Such directives are .  .  . arguably already legal. They follow logically from the intersection of two existing legal rights: directives for refusing life support and VSED. The principle behind [advance medical directives] is that people do not lose their rights when they become incompetent; someone else just has to exercise those rights for them.

The driving element behind VSED is that forcing people to ingest food is as objectionable an intrusion on bodily integrity, privacy, and liberty as imposing unwanted medical treatment. Thus, if incompetent people do not lose their rights to refuse life-saving treatment, then people do not lose their right to VSED when incompetent either.

This is rank sophistry. Even today, the courts do not deem spoon-feeding to be medical treatment. It is basic, humane care—no different ethically from turning a patient to prevent bed sores or providing hygiene. Just as an advance directive instructing that a patient not be kept clean should be disregarded, so should an order to starve a patient. 

Second, VSED is suicide. Legally requiring nursing homes to commit VSED-by-proxy would be forcing them to kill—and to kill cruelly. A legal regimen that did this would drive many doctors and nurses out of medicine.

Third, even in the states where assisted suicide is legal, the person being helped by a doctor to die has to be capable of making decisions. Demented patients are incompetent.

Finally, in cases such as Bentley’s, the patient is not being force-fed. She is taking nourishment willingly. 

Some ethicists are dismissing this last objection. Thaddeus Mason Pope in the Spring 2014 Journal of Clinical Ethics argues that Margot Bentley should be starved because she is now incompetent and thus is legally unqualified to change her mind about dying.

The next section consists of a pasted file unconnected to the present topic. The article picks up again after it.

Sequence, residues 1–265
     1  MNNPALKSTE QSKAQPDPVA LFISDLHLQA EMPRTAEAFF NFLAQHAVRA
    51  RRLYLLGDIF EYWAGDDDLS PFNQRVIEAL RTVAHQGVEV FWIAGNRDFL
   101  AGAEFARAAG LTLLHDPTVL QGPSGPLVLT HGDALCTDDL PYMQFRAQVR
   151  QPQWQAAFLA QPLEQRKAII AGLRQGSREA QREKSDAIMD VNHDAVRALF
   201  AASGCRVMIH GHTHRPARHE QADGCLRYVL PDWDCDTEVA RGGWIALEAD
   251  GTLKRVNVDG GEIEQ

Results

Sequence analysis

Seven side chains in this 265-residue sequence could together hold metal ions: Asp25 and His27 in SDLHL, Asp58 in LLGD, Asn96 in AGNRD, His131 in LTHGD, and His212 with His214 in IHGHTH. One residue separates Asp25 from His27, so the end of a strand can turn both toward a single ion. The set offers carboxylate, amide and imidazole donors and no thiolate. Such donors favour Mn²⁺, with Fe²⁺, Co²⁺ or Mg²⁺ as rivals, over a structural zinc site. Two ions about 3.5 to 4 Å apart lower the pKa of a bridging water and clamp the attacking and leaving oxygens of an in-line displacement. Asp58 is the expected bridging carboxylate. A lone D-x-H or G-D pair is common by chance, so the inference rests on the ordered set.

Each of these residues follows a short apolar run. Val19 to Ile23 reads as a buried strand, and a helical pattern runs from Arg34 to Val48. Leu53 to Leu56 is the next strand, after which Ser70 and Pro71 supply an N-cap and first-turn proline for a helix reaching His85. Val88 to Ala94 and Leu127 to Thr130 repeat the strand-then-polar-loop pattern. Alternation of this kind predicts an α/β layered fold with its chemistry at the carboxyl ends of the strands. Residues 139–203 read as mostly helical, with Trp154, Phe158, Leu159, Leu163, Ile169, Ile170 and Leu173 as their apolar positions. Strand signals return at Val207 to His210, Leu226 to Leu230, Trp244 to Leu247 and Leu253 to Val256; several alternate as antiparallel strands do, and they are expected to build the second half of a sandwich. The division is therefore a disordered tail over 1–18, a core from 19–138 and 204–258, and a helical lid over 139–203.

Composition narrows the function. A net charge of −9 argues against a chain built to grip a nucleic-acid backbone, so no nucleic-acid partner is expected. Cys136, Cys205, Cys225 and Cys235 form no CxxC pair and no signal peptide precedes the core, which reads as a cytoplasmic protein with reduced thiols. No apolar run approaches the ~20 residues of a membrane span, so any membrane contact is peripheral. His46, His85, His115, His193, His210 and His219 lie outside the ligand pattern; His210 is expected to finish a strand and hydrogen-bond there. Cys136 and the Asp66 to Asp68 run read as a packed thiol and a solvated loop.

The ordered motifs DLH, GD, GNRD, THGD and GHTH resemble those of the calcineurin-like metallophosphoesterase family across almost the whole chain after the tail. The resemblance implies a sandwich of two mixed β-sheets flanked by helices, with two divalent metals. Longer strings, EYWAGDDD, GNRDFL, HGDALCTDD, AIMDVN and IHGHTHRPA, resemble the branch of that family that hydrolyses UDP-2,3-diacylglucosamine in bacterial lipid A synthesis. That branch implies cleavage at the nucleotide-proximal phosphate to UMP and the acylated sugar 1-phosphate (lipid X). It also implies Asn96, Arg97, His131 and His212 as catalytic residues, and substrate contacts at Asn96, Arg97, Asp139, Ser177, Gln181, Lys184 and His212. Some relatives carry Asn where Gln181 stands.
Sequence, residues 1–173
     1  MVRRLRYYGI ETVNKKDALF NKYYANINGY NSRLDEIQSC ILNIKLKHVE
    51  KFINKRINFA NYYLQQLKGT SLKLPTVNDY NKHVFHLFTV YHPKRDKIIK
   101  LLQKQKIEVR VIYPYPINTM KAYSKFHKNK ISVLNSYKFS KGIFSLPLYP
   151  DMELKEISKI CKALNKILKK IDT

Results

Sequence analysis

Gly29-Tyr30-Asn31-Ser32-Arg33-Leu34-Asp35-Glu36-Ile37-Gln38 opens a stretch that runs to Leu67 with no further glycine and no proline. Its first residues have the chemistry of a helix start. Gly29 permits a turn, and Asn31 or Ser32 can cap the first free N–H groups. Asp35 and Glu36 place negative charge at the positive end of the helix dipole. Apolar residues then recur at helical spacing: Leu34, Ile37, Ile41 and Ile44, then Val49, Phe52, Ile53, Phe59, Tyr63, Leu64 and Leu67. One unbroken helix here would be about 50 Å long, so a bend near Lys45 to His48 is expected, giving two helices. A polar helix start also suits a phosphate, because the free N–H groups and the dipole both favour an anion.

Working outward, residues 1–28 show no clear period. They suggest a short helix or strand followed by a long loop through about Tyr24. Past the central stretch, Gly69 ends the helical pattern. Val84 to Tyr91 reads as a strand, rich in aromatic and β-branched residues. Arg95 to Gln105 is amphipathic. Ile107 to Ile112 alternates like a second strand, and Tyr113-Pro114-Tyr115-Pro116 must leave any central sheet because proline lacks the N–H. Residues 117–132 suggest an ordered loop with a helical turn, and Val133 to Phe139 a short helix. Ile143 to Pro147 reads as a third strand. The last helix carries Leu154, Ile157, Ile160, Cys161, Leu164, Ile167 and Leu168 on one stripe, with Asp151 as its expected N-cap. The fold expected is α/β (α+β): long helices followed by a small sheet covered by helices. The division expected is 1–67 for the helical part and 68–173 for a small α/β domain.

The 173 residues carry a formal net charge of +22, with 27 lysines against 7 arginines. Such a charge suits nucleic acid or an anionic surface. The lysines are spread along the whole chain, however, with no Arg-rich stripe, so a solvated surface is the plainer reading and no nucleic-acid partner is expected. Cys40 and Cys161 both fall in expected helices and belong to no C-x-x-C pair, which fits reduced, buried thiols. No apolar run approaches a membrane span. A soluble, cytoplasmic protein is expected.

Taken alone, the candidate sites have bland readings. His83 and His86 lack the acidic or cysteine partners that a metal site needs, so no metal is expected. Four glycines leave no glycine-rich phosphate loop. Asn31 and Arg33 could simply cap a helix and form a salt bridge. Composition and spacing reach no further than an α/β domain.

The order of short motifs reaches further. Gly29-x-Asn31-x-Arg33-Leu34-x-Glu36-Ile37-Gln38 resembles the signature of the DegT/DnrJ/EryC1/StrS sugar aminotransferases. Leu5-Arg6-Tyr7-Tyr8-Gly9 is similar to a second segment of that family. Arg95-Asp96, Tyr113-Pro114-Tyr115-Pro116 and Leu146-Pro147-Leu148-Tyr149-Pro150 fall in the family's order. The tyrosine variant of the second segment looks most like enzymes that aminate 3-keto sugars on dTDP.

It seems remarkable to hold that, when a spoon or glass is pressed to the lips of someone with severe dementia, the mere opening of her or his mouth evidences decisional capacity to continue eating and drinking. Mrs. Bentley may have the capacity to “communicate a choice.” But this is just one component of capacity. She does not understand the relevant information, does not appreciate the situation and its consequences, and cannot reason about treatment or care options.

In other words, Bentley should not be allowed to thwart her previous instruction by willingly taking nourishment. If Pope’s view prevails, an instruction to be starved, signed while the patient was competent, would prevail even over an incompetent patient’s begging for food—a horror that actually happened in a tube-feeding case in Florida. 

As if such advocacy weren’t alarming enough, it must be noted that patients deemed candidates for VSED-by-proxy are among the most expensive for whom to care—this in a time of intense government efforts to control medical costs. The financial pressures all argue for euthanasia. Indeed, the advocates’ agenda may already have quietly penetrated the culture of the medical technocracy.

A patient’s chart informs the attending medical staff what life-sustaining care to provide or withhold. This information is contained in the Physician’s Order for Life-Sustaining Treatment (POLST) form, and some state forms may already tacitly authorize the withholding of spoon-feeding. 

California’s POLST, for example, in Section C, “Artificially Administered Nutrition,” instructs whether, and for how long, to use a feeding tube. But it also states: “Offer food [to the patient] by mouth if feasible and desired.” 

What does that mean? If desired by the patient now? If desired by the patient in an advance directive? If desired by the family or the care facility? Is it possible that the words “if desired” are setting the stage for allowing the withholding of spoon-feeding as a matter of policy? Hawaii’s form has similar language.

If the law ever allows patients to order caregivers to starve them to death, the next step will surely be to legalize lethal injections for such patients. After all, why force anyone to undergo a slow and potentially agonizing death by VSED or VSED-by-proxy when he or she can be dispatched quickly? Euthanasia pursuant to advance directive is already practiced in the Netherlands and Belgium. 

It is possible that this has been the stealth goal from the time advocacy for removing feeding tubes from incompetent patients began decades ago—and that now, with the open advocacy of VSED and VSED-by-proxy, the camouflage is coming off.